Prime Minister Muhyiddin Yassin wants Malaysians to buy local products to, as he says, “spend for Malaysia” to help the economy recover from the impact of Covid-19 and the lockdown.
It’s a good call, as domestic consumption will certainly help the economy improve.
The problem is where are people, especially those who have been laid off or whose salaries have been cut, going to get the money to spend?
Due to the Covid-19 pandemic and the subsequent lockdown, thousands of workers continue to lose jobs or have been told to take a pay cut. The Malaysian Employers Federation has estimated that up to 2 million workers could be laid off.
I expect the effects of the layoffs and salary cuts to be deeply felt only by the end of the year. We must not forget that the six-month moratorium on bank loan repayments is providing only temporary relief, as are cash handouts and most of the other relief measures initiated by the government.
We are going to see a sharp increase in loan and rent non-payments, a decrease in sales, tighter cash flow, and a rise in bad debts. Individuals and companies will think twice before spending, giving priority to essentials.
I suppose we will have to look to the only people economically unaffected by the pandemic and lockdowns, the civil servants, to go shopping more often.
According to Minister in the Prime Minister’s Department (Economy) Mustapa Mohamed, the manufacturing, construction and agriculture sectors have gradually recovered. That is good news.
But we need to note too that foreign investors have sold RM17.8 billion of local equities on Bursa Malaysia so far this year. Last week alone, they sold RM905.9 million in equities, the 22nd consecutive week of foreign net selling, according to MIDF Research.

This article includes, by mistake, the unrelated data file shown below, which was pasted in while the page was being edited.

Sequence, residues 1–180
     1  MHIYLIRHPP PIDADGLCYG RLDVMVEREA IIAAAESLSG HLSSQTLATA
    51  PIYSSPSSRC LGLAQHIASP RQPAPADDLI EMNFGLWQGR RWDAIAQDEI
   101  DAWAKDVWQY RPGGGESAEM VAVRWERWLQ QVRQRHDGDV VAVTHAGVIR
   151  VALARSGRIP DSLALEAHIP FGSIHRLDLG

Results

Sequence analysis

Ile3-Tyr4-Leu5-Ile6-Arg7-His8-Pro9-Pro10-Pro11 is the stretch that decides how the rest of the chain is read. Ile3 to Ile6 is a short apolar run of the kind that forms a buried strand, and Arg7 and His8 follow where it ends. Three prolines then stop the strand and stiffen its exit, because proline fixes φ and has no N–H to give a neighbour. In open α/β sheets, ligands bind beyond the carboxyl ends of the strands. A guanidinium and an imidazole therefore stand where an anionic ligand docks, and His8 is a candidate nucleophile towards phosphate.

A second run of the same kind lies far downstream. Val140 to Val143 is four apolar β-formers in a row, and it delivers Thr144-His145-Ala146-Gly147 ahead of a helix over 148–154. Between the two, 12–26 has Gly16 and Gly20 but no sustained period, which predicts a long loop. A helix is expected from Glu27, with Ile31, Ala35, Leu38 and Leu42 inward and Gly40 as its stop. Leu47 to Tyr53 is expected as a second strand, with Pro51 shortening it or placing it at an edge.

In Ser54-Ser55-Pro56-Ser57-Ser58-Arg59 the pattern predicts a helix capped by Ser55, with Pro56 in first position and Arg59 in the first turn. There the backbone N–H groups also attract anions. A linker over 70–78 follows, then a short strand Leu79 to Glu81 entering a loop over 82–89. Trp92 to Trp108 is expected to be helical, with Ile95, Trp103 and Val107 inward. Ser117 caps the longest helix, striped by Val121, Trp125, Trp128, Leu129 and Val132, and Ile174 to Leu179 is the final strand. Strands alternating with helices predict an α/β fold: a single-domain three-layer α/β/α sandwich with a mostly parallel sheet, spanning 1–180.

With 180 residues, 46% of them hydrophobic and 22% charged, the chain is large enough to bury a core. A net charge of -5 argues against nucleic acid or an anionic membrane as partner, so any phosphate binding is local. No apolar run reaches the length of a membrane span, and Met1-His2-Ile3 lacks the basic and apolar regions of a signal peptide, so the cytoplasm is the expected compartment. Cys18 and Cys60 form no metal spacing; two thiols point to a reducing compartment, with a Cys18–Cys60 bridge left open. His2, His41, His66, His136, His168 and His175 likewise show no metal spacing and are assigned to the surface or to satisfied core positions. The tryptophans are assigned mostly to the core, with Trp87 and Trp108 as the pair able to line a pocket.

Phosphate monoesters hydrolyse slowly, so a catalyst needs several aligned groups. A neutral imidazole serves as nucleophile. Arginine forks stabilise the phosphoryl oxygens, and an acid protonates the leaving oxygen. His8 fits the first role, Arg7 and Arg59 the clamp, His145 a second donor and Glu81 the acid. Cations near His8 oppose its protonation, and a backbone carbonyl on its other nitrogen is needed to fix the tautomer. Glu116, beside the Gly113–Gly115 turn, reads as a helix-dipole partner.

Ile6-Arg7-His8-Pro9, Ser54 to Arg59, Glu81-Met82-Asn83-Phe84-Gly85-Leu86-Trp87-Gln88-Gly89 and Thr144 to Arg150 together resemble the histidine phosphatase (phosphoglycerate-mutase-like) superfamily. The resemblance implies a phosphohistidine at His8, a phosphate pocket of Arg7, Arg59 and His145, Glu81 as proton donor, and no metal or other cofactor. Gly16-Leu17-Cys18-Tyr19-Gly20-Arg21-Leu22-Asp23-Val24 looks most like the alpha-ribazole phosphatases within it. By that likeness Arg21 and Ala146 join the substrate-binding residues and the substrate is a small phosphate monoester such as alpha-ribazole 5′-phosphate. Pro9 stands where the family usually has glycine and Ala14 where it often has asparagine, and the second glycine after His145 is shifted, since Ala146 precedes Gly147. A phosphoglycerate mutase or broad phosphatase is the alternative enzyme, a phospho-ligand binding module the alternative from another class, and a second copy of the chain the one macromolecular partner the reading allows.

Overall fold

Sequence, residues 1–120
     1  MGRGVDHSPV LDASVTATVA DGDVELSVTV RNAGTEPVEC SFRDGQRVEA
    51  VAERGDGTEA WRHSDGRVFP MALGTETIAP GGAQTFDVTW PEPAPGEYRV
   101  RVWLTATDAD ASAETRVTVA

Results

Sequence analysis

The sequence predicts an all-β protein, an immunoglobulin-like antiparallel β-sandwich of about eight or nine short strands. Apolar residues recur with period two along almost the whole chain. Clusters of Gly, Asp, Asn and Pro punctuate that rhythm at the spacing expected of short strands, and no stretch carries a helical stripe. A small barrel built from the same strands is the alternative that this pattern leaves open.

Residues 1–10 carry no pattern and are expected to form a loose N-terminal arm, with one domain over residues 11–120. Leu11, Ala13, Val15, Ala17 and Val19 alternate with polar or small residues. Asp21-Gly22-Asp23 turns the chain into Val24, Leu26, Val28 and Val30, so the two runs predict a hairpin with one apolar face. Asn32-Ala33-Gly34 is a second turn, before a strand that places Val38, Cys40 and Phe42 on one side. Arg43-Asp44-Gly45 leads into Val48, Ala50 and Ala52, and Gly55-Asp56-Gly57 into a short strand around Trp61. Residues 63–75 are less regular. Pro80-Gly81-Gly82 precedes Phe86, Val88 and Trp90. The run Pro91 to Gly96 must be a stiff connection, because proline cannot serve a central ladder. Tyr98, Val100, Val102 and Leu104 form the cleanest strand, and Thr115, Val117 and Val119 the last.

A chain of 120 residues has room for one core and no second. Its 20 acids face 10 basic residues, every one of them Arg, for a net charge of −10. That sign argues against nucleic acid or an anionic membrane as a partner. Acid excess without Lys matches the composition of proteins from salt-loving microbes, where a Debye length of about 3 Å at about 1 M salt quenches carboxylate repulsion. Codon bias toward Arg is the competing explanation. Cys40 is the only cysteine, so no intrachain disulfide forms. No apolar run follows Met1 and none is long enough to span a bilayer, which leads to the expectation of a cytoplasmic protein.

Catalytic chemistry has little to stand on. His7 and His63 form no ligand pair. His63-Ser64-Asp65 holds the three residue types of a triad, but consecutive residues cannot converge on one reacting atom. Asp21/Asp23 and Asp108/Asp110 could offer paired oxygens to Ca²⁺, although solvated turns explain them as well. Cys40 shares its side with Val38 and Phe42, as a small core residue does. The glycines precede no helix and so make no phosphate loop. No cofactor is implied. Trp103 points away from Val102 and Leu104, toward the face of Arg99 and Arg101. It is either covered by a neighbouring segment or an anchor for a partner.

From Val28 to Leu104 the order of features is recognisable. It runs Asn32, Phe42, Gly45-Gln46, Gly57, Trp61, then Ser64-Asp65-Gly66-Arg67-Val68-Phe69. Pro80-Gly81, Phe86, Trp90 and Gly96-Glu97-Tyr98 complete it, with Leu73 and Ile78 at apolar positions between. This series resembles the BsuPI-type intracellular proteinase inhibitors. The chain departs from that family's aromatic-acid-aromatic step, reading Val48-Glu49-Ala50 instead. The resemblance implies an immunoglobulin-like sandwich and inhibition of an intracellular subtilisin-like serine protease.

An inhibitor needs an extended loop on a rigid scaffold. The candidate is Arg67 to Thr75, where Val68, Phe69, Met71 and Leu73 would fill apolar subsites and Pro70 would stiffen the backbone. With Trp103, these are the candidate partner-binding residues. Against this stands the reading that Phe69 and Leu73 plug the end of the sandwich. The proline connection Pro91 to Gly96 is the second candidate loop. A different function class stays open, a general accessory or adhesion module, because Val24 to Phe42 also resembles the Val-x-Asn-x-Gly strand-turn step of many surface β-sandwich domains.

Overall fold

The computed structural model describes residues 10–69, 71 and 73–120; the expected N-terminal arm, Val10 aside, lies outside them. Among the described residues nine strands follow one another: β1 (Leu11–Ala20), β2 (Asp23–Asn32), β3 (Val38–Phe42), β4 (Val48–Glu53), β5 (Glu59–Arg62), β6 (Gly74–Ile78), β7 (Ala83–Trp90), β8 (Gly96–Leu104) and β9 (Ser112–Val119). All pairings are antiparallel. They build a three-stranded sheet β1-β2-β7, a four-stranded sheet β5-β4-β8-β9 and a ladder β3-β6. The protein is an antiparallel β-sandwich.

Also, under the present climate, foreign direct investment will stall.
In a globalised world, it’s not good enough if our economy is recovering. Other trading nations have to be strong too. Countries are too interconnected and what happens in China or India or the US affects us. If their economies suffer and they don’t buy enough of, say, our electrical and electronic products or petroleum products or palm oil, we’ll be in trouble.
The ringgit has to be strong too or we’ll have to pay more for our imports, and that will further shrink our purchasing power.
The World Bank, in its Global Economic Prospects report in June, said the world had gone into a severe contraction due to the pandemic and the subsequent lockdowns. It forecasts that the world will face the “deepest recession since the Second World War, with the largest fraction of economies experiencing declines in per capita output since 1870”.
If all, or most countries, are suffering, their priority will be their people first. They will also be told, as Muhyiddin told us, to spend more money but spend it on local products. There is likely to be a de-globalisation of sorts, with nations turning inwards. We cannot rule out the imposition of new barriers to international trade.